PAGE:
Obama tells Wall Street to Join him

President Obama had a tough message for Wall Street Tuesday in New York City, after his administration was criticized for taking too much money from the financial sector.

In a speech at a Democratic fundraiser the President pressed the financial industry, some of whose members were in attendance, to work with Washington to pass regulatory reform. "Join us. This is important for our country. And in the long run, it will be good for the financial industry to have a level playing field in which everybody knows the rules and everybody knows that the rules will be enforced," Obama said. "And people are repeating not by how confusing you can make things, and how to even avoid rules, but competing because you're offering innovative good products that are helping grow the American economy and put people to work out on main street."

Obama was in New York for a series of fundraisers, but it was the news late last week that his administration seemed cozy with Wall Street, even while decrying its excesses, that drew the focus to this event.

"While I'm in New York, I want to stress something about this financial reform effort. The finance industry is essential to a healthy economy and to the well-being of our economy. That is why we stepped in to prevent a collapse that would have had far reaching and devastating consequences for the American people," Obama said. "Steps by the way that were not wildly popular and still aren't among the American people, but it was the right thing to do. But we also know we should never again have to face potential calamity because of the reckless speculation and deceptive practices and short-sightedness and self-interestedness from a few."

It's a pattern the President has been repeating lately, taking to the stage at a fundraiser or political event for democrats and using his speech as a way to highlight his administration's efforts. In New Jersey over the summer at a rally for Democratic Governor Jon Corzine, Obama stressed health care. Last week in San Francisco, he reminded the party faithful they all need to be involved in getting efforts passed. And Tuesday night, he talked about financial reform.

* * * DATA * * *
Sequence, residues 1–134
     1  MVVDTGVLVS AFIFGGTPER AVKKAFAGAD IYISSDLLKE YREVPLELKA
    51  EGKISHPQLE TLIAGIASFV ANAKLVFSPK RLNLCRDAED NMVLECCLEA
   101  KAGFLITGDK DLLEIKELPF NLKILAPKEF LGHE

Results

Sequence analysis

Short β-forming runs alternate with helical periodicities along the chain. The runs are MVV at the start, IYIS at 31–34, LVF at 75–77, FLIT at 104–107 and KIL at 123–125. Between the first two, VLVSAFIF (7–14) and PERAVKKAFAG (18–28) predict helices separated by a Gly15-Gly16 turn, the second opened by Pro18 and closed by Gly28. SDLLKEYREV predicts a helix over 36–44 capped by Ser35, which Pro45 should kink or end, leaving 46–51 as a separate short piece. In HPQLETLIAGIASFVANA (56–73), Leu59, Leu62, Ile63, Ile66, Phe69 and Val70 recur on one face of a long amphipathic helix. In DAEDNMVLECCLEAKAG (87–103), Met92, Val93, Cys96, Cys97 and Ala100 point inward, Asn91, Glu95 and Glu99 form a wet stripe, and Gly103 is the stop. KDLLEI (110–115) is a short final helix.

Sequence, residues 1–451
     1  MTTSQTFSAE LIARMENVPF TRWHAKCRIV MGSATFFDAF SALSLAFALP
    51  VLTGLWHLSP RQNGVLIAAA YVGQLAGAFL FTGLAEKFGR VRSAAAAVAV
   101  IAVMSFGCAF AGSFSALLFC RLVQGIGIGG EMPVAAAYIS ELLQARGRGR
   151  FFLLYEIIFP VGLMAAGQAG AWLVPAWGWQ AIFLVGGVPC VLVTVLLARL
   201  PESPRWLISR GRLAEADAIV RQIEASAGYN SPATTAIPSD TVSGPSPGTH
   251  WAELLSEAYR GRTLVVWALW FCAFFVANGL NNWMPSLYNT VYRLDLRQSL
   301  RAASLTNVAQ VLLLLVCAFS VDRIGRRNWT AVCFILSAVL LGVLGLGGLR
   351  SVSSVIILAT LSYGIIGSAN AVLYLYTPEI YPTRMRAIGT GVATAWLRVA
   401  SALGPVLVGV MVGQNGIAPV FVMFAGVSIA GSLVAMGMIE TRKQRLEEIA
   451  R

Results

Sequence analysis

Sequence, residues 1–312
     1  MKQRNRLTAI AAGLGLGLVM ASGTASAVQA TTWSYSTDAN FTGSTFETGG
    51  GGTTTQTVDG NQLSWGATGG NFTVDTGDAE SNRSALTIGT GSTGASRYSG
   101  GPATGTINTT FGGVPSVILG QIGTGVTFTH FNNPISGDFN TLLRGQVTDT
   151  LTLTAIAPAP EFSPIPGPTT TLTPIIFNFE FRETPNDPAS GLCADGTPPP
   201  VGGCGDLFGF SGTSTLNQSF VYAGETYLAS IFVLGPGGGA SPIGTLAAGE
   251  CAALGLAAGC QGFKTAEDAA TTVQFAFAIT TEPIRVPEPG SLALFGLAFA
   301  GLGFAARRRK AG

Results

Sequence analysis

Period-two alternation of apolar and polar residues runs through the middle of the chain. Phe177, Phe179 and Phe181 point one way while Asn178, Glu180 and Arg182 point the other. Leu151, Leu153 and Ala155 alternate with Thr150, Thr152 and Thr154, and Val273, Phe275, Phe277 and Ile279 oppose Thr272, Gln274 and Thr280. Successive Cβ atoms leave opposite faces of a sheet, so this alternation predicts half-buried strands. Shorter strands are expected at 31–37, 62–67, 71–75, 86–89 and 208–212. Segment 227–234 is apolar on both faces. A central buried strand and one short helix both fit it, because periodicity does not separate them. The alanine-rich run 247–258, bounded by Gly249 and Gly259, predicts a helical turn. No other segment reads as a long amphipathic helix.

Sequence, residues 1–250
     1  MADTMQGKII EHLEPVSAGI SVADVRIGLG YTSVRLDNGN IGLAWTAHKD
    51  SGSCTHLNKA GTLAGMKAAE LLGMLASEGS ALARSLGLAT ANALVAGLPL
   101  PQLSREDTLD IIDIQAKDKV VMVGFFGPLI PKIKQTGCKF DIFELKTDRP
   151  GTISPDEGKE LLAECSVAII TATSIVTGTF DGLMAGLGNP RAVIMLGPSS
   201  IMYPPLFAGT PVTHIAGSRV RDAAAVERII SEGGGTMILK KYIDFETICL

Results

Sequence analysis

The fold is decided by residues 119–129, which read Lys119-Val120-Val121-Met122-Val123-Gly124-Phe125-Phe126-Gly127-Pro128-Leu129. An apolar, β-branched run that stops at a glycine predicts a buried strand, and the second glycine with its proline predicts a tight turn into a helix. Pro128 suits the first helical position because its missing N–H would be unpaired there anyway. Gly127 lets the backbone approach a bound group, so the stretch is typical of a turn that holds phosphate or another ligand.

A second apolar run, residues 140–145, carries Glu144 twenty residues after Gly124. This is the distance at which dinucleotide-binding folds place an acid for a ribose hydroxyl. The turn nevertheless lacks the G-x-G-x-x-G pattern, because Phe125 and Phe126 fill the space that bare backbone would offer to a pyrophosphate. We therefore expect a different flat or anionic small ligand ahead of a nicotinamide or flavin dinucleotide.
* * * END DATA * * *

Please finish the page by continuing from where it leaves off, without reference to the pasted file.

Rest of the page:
The President made remarks at two events in New York Tuesday night. The first event was closed to press and was in support of New York Congressional candidate Bill Owens, who is running in a special election for the 23rd Congressional District. The seat was occupied by John McHugh, who is the Secretary of the Army. The second event, where he spoke about regulatory reform, was delivered to the Democratic National Convention fundraiser at the Hammerstein Ballroom. According to sources, about 2,700 people attended that event and tickets started at $100.

The President will continue to campaign for candidates later this week with a stop in Boston, MA on Friday in support of Governor Patrick Duval (D) and then in Stamford, CT where Obama will speak in support of Senator Chris Dodd (D).